Lauer1 recently stated that the intensity of the inflammatory reaction was diminished after sectioning the spinal cord. The reactions, however, were similar above and below the injured segment of the cord. The similarity of these two inflammatory reactions, therefore, would make it impossible to ascribe this diminished reaction either to the separation of the organ from its nervous centers or to the loss of pain sensations.
Capillary permeability and inflammation in the skin of the rabbit have been studied by one of us (R. H. R.2). The technic used in these studies consisted of applying xylene to the shaven skin of the rabbit at intervals preceding the intravenous injection of trypan blue. A definite pattern of localization of dye occurred in the xylene-treated areas. This dye localized first and in the largest quantity in the area where xylene was applied the shortest time before the dye was injected.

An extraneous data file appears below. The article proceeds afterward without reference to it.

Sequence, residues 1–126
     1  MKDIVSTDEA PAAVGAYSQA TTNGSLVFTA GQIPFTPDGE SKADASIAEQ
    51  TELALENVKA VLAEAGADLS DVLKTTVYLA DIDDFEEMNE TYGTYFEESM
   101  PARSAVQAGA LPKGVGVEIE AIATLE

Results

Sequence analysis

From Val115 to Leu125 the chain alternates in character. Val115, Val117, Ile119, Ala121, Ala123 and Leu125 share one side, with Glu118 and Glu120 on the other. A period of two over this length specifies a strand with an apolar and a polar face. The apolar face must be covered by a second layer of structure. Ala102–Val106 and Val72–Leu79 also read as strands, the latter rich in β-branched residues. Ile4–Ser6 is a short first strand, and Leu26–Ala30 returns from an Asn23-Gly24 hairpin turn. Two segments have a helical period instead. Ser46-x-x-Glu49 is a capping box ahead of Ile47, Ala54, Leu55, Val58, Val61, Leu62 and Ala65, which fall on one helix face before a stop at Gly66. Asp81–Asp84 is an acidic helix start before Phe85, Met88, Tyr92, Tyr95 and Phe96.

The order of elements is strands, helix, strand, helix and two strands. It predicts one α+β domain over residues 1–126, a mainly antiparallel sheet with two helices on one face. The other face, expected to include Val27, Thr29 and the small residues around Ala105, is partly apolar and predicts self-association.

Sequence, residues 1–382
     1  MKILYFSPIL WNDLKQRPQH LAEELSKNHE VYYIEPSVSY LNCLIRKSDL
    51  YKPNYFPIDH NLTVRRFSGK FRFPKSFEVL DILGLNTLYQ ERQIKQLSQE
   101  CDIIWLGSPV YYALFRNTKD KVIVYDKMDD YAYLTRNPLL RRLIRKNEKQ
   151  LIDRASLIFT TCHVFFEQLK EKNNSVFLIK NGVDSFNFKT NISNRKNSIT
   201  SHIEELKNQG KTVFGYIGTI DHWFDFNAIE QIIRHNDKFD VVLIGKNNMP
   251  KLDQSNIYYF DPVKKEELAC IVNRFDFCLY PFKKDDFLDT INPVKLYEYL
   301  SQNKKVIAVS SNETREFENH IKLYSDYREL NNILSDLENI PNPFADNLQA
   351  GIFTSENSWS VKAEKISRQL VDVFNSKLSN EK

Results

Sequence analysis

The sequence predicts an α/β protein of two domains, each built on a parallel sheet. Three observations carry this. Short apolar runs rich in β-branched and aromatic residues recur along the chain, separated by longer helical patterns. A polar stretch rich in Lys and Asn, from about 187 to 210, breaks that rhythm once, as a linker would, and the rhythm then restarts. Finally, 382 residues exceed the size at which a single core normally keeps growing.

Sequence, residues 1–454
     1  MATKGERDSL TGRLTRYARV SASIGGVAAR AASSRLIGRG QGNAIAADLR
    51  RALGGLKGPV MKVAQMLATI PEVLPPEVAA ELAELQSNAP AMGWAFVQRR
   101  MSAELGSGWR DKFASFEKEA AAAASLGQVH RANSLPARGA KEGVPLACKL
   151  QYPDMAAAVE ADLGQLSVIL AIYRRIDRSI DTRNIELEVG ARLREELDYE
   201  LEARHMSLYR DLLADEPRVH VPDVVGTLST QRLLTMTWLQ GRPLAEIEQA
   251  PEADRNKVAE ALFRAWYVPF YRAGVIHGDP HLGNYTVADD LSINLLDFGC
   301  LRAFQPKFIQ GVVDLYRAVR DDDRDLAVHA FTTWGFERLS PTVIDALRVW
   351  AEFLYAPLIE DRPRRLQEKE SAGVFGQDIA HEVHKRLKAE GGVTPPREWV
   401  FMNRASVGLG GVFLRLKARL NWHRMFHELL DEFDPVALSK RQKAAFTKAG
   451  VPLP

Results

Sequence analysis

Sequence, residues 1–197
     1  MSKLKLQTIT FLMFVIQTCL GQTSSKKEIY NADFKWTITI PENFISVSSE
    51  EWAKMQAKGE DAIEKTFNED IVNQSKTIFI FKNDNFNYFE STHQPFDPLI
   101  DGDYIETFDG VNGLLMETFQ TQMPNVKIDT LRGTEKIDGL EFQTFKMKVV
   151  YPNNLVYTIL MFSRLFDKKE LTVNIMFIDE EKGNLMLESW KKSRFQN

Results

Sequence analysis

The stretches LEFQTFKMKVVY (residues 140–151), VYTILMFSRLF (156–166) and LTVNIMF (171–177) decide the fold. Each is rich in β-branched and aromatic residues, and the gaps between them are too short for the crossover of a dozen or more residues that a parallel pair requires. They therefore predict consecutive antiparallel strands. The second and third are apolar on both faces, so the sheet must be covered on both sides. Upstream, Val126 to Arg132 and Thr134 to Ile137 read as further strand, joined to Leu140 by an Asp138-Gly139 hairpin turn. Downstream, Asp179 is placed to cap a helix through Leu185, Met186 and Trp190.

WILSON H, RIGDON RH. CAPILLARY PERMEABILITY AND INFLAMMATION IN THE SKIN OF RABBITS: EXPERIMENTAL STUDIES FOLLOWING SECTIONING OF THE SPINAL CORD. Arch Surg. 1942;45(3):416–423. doi:10.1001/archsurg.1942.01220030083005
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